How Does A Motorcycle Gearbox Work?

Cycle World Technical Editor Kevin Cameron answers your motorcycle engineering and mechanical questions

In very olden times, before the 1930s, there were sliding-gear transmissions, where gear teeth actually were “crashed” in and out of engagement. But gear teeth have to be quite precisely shaped to endure transmitting very large forces of contact from one shaft to another. So the idea of sliding gears into and out of engagement was given up a long time ago.

That leaves us with constant-mesh transmissions. In order to change from neutral to another speed, there is a part called the shift drum. By rotating it, the positions of the shift forks, which move the gears, are changed. The gears have to be completely under control at all times because the last thing in the world you want from your gearbox is double engagement.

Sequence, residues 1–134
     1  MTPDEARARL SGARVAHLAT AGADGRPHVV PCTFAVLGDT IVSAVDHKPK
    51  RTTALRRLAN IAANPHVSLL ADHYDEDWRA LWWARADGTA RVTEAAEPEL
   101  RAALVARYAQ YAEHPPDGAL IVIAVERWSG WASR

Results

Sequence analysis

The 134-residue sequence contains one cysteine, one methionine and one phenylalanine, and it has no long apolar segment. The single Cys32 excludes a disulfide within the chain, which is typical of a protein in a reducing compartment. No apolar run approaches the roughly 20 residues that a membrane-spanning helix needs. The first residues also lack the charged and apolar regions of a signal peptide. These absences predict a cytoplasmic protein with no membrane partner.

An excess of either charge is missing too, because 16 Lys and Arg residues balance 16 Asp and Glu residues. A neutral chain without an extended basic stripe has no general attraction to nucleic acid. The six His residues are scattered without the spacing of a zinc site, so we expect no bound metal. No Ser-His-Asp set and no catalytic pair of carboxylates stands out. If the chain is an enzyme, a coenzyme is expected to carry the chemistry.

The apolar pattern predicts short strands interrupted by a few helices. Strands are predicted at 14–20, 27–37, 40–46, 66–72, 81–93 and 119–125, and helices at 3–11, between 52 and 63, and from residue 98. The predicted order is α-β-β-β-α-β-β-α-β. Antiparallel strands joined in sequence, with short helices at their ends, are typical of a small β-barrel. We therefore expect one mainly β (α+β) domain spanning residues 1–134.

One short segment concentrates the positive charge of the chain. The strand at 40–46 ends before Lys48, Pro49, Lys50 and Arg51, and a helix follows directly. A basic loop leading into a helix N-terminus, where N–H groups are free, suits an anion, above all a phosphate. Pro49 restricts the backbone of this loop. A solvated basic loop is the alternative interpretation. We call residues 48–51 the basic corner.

Every other gear is locked to a shaft. The gears between them are free to spin. The dogs, which are engaged and disengaged by the shift forks on the shift drum, lock the desired pair of gears to their respective shafts—clutch and output—so the drive passes through that pair and the others are freewheeled.

Kevin Cameron has been writing about motorcycles for nearly 50 years, first for Cycle magazine and, since 1992, for Cycle World. Kevin’s unparalleled experience and knowledge of the sport were—and continue to be—prompted by a lifetime of curiosity. His willingness to share that information with anyone who is willing to listen is likewise unique.

Kevin’s greatest strength lies in his ability to present complex subjects in simple terms with clarity and, often, humor. In this video series, shot in his home shop, Kevin draws upon his vast historical references to address modern-day questions. As Kevin has written, “Emotions bring us to engineering, but engineering then becomes a special way of confronting reality.”